We decided to wait until the next morning, October 1, to visit Ground Zero, and made our way to the Gershwin Hotel at 27th and 5th. It was our favorite little funky Manhattan hotel, long gone now, full of good original modern art (a lot of Warhol and Lichtenstein and Johns and such) and with decent-size rooms.

We turned in about 11 and by 11:30 everyone was asleep but me. I couldn’t get the weird vibe of the city out of my head. The ever-present hum of the city was almost absent, and it felt like we were staying in a haunted house. I very quietly got out of bed, got dressed and snuck out the door.

I’d never noticed it before, but there was a bar off the lobby of the Gershwin. It was very small, about the size of a master bedroom, and lit like a cave. Soft music played from a stereo behind the bar. I was the only one there, and the bartender seems surprised to see anyone. I got a bottle of St. Pauli Girl and settled into a deep comfortable chair in the corner.

Here I am, I thought. I am in Manhattan in September, 2001. When I’m an old man, I can tell people, and it’ll be like saying I was in Honolulu in December 1941, or Dallas in November 1963. I started thinking about all the people, the 3,000 crushed and incinerated just a few miles from here, still there in the wreckage, and how little we as a nation could really do in response. Uncharacteristically for me, I became deeply depressed.

And then this song came on.

I never thought I’d miss you
Half as much as I do
And I never thought I’d feel this way
The way I feel about you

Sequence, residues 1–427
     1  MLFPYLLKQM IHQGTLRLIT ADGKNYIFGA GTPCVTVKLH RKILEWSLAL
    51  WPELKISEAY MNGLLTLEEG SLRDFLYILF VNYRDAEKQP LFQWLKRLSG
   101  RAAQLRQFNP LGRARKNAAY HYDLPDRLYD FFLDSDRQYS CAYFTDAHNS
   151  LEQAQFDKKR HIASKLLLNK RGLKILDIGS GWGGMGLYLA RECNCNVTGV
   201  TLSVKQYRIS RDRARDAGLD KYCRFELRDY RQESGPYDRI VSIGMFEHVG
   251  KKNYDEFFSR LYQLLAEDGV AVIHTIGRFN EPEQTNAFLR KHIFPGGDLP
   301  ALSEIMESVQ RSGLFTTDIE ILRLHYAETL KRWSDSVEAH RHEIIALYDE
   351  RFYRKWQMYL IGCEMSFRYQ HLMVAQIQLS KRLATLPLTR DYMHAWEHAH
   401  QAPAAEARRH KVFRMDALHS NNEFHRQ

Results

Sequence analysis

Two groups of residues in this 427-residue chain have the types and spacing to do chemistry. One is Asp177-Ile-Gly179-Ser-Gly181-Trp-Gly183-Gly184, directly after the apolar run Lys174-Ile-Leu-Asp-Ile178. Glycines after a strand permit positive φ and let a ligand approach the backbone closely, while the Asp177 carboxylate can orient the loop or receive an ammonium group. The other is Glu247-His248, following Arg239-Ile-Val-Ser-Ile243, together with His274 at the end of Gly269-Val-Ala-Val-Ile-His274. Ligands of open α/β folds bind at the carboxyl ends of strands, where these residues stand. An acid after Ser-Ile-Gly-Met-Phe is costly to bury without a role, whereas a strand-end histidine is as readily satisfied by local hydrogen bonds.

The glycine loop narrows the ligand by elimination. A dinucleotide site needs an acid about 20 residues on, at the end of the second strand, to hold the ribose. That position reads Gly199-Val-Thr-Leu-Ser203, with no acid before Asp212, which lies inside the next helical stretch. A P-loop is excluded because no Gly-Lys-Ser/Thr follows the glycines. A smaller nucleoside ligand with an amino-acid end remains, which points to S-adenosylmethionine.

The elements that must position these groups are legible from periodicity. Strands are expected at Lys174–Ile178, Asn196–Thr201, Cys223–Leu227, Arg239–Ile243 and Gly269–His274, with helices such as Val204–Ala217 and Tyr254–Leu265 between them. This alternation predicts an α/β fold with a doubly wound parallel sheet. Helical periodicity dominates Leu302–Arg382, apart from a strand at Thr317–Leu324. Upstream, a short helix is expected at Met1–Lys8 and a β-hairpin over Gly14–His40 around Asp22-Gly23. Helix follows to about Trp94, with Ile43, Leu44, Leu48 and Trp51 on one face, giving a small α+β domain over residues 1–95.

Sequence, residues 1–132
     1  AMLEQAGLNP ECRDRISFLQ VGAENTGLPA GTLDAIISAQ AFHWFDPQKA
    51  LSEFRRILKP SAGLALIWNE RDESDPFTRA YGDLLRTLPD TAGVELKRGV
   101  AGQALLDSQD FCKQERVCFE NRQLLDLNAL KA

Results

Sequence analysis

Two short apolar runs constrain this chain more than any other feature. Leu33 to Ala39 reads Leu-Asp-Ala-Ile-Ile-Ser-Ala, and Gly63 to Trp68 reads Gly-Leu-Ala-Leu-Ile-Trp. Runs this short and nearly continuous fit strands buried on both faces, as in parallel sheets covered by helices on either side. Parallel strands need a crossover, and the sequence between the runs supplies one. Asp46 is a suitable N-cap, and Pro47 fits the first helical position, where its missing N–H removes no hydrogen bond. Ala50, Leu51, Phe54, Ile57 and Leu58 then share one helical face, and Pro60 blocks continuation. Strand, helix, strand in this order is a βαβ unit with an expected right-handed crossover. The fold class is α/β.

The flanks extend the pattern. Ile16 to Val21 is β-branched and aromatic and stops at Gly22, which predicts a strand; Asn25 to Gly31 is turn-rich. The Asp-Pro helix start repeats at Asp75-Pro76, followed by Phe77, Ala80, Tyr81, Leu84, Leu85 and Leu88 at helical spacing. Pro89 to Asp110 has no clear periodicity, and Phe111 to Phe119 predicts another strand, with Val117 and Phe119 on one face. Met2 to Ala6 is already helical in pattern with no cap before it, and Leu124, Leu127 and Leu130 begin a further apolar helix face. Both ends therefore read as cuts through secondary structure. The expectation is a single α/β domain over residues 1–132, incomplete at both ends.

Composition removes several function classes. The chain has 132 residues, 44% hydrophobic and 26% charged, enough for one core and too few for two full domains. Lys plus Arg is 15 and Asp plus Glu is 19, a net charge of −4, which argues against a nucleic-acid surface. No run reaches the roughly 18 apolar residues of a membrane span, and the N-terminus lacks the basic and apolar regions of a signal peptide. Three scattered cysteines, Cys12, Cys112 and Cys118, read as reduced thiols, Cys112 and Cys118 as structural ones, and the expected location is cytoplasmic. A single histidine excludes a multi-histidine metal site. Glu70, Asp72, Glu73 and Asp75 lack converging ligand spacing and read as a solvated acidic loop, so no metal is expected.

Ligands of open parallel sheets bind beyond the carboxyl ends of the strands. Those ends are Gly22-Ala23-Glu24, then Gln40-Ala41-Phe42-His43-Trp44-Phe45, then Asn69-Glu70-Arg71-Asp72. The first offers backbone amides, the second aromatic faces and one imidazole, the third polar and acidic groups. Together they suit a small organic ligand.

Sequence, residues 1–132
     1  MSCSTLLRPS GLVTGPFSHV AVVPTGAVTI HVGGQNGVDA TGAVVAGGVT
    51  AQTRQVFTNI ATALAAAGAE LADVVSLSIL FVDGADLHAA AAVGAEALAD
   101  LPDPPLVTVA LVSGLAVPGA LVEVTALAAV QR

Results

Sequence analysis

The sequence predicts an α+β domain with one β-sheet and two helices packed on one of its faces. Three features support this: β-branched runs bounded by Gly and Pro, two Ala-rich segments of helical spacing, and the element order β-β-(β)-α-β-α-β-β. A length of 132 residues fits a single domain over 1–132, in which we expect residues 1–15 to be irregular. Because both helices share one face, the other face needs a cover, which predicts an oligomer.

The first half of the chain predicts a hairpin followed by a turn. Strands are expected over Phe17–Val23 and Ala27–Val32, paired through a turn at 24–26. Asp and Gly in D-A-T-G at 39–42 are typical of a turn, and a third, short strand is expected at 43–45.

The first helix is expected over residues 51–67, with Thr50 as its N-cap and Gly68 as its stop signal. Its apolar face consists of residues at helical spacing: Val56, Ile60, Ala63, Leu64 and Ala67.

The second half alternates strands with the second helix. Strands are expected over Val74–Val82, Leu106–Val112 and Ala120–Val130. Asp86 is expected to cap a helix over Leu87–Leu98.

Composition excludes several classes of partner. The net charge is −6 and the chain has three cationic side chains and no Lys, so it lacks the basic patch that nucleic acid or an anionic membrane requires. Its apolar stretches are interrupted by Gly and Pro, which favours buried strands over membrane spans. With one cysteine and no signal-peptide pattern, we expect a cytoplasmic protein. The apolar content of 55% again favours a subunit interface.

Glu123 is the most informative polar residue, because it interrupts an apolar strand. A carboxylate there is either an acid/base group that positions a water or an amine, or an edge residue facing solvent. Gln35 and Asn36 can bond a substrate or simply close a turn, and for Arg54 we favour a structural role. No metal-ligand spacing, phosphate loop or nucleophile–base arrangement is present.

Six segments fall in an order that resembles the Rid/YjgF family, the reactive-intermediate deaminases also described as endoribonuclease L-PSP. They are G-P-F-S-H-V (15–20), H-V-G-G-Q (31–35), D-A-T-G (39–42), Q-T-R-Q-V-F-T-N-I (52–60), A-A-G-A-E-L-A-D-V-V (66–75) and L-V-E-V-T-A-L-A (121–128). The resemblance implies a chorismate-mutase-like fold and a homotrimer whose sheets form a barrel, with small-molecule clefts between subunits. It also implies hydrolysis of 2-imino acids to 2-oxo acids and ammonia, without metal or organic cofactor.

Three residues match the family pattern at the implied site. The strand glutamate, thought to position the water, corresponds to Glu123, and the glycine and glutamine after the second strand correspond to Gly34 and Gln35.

As soon as I wake up
Every night, every day
I know that it’s you I need
To take the blues away

It must be love, love, love
It must be love, love, love
Nothing more, nothing less
Love is the best

How can it be that we can
Say so much without words?
Bless you and bless me
Bless the bees and the birds

I’ve got to be near you
Every night, every day
I couldn’t be happy
Any other way

It must be love, love, love
It must be love, love, love
Nothing more, nothing less
Love is the best

It must be love, love, love
It must be love, love, love

And the clock ticked over to midnight, and it was now October 2001, and time marches on, and I wiped the tears off my face and went back to bed.

The next day we saw Ground Zero – the layers of ground cement dust covering everything, the soldiers in full combat gear patrolling everywhere, the jagged curtain walls leaning drunkenly, the thousands and thousands of homemade missing posters, all overlaid with the incredible stench of 9/11 – half burned-down house, half rotting meat, that you tried not to think about too much.

But there are always bright spots, like the Madness song I had discovered the night before. We took the Staten Island ferry to get a view of the whole south end of the island, and as we cut through the middle of the harbor, finally leaving the smell and the cloud cover behind, the hospital ship USNS Comfort was leaving, surrounded by FDNY fireboats saluting it with huge arcs of brightly-colored red, white and blue water, sparkling in the sunshine.

And on the way back to the Gershwin, two NYPD cops . . . gave us a box of donuts.

There is always hope.